July 20, 2021
Hindu Students Council applauds Oxford University for upholding Rashmi Samant’s claims of harassment and bullying by Oxford faculty, Dr. Abhijit Sarkar. It is important for all academic institutions to acknowledge that Hindu students are a minority community on college campuses and are vulnerable to unwarranted, bigoted attacks by people in power within these same institutions. It is also important for all Hindu students to engage with the grievance processes within their institutions and make avail of the protections to which they have a right.
In February 2021, Sarkar began his hate-filled campaign against Samant, who, it should be noted, had been elected by a large margin as the president of Oxford’s student union. He felt emboldened and free to attack and defame her character based solely on his disdain for her Hindu identity. Sarkar’s hatred for Hinduism is well-established. On his Instagram page, Sarkar proudly boasted about breaking Saraswati murtis, referencing and extending the iconoclastic destruction of sacred Hindu spaces and attack on our deities. (It’s ironic that an academic who claims to be progressive would pride himself on this desecration, given that Saraswati Devi is the divine feminine manifestation of education and learning.) Sarkar used his platform and power to make vile social media posts about Samant, calling her “typical of far-right forces in India” in order to paint a convenient narrative of Samant as extremist and narrow-minded. (Samant’s entire platform was premised upon environmentalism and decolonization, but this was clearly not what Sarkar meant by “typical.”) Sarkar ramped up his targeted Hinduphobic vitriol, falsely accusing Samant’s parents of “celebrating destruction of a mosque” based on an old photograph he found of them framed with “Jai Shree Ram”, connecting the practice of Hinduism with inherent Islamophobia. He called her alma mater Manipal Institute of Technology (MIT) a “bastion of islamophobic [sic] forces” without any legitimate evidence. Sarkar continued his Hinduphobic attack by writing that “Oxford students are not ready for ‘Sanatani’ president” – implying that there is something inherently wrong with practicing Hindus and that everyone else should be wary of us.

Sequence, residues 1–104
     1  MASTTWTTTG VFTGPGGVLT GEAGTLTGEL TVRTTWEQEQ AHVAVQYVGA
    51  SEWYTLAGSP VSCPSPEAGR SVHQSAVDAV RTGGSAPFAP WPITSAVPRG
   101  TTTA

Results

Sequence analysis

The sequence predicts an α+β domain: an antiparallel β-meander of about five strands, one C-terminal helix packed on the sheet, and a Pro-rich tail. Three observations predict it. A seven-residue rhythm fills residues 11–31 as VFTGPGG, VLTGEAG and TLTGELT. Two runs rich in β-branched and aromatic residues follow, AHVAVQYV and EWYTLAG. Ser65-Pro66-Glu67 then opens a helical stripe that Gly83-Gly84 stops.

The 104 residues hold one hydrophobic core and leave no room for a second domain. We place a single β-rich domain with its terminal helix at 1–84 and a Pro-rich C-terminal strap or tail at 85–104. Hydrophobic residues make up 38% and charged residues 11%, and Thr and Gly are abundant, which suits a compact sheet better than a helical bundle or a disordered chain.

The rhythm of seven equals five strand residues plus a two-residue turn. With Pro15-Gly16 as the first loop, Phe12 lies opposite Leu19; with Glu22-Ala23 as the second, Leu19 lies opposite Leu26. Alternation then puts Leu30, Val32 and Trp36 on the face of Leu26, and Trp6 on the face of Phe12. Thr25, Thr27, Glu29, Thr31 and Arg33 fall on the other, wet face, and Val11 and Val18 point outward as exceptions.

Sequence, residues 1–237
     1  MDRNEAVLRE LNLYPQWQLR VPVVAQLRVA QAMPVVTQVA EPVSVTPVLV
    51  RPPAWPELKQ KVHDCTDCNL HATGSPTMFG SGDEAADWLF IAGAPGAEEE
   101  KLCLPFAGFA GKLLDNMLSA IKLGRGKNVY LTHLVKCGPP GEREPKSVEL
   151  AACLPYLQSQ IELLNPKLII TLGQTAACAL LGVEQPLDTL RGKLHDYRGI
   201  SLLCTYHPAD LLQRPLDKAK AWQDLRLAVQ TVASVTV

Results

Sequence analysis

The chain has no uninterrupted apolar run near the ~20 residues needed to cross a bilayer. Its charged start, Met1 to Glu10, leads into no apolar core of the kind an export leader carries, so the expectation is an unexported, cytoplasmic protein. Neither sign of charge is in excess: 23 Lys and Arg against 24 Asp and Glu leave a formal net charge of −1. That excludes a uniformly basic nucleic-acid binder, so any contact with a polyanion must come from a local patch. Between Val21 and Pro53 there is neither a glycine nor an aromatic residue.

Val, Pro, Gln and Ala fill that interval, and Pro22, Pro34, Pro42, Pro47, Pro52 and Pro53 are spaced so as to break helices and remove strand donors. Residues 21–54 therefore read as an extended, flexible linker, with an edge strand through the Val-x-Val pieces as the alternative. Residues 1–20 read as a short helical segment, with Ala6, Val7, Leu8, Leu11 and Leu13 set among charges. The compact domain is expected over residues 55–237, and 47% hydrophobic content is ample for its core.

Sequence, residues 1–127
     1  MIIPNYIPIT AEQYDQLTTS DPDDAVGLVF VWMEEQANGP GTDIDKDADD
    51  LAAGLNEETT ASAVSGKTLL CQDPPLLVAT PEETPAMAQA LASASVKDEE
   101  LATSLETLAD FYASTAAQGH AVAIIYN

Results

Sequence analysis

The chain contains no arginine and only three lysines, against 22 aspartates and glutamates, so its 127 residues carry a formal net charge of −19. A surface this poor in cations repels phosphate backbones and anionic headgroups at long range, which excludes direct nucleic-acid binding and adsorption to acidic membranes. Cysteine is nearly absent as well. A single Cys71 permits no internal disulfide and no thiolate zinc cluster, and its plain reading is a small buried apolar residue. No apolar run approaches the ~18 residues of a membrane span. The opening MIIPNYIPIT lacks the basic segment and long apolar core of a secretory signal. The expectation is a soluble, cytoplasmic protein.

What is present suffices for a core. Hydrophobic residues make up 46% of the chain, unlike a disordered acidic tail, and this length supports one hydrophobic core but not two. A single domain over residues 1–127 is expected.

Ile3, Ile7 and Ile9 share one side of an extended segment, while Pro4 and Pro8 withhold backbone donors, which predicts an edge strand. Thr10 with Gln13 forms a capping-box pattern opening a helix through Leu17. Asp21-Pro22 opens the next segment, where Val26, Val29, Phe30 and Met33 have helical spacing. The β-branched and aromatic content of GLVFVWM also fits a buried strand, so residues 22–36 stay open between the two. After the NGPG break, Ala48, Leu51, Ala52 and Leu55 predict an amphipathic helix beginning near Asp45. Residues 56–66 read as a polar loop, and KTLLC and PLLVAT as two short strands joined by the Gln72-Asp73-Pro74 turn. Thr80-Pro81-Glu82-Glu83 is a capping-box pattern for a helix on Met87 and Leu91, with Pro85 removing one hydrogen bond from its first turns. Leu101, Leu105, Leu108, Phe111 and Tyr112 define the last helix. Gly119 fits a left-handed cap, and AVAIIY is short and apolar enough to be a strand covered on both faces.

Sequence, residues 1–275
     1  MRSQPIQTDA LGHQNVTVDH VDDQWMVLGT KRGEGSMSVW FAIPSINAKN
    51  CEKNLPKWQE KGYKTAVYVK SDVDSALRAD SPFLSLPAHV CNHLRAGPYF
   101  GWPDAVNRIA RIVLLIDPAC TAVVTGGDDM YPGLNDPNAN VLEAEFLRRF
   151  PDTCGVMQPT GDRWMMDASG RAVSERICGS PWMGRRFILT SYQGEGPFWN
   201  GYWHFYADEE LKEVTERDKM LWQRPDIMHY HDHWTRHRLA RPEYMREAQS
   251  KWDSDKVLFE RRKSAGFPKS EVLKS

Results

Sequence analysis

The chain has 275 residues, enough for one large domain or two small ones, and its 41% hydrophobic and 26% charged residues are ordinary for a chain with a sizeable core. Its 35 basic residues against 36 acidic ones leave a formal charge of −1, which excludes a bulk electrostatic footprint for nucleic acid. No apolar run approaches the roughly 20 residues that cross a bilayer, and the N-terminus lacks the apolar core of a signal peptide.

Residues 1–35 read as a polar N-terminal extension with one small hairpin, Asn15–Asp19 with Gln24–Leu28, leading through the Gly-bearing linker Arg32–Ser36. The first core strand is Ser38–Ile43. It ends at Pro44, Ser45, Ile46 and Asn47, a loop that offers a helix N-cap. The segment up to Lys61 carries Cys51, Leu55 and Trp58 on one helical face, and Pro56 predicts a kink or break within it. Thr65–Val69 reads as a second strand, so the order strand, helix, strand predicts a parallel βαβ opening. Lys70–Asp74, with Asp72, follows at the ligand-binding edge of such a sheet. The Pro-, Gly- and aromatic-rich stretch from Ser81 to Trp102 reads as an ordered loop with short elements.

Sarkar’s relentless hate speech worked. His attacks provided fuel and a twisted justification for a public social media lynching of Samant that grew far beyond the scope of his accusations. But we can never forget that at the core was Sarkar’s blatant and brazen Hinduphobia.
Oxford University’s recognition of this targeted bullying and harassment, which was premised upon Rashmi’s religious identity, is an important moment for their institution to reflect upon their responsibility to protect students from hate speech versus their faculty’s right to “free speech” within a system of power that clearly favors the latter.
Much work remains to be done. While we commend Oxford for taking this critical first step, we urge Oxford, Rutgers, and other institutions to recognize that there is a long road ahead in the fight against Hinduphobia. Institutions committed to diversity and inclusion must ensure that Hindu students and faculty feel safe and seen. As sites of knowledge production, it is also the ethical responsibility of all of these institutions to reflect upon the scholarship produced by people who are demonstrably and actively bigoted against the very communities they purport to study, including Hindus.
We commend Rashmi Samant and her family for their determination, dignity, and resilience. Rashmi graciously took part in HSC’s 2021 Understanding Hinduphobia Conference held at Rutgers University, discussing the many ways that Hinduphobia at Oxford and Rutgers are symptomatic of broader Hinduphobia in academic settings around the world. In the face of the unimaginable personal attacks she faced, Rashmi Samant has become a beacon for the fight against Hinduphobia at Western universities in the US, UK, and beyond. We will continue to stand by Samant and any Hindu student that faces Hinduphobia in any part of the world.
धर्मो रक्षति रक्षितः
Dharmo rakshati rakshitaha
Those who protect Dharma, are protected by Dharma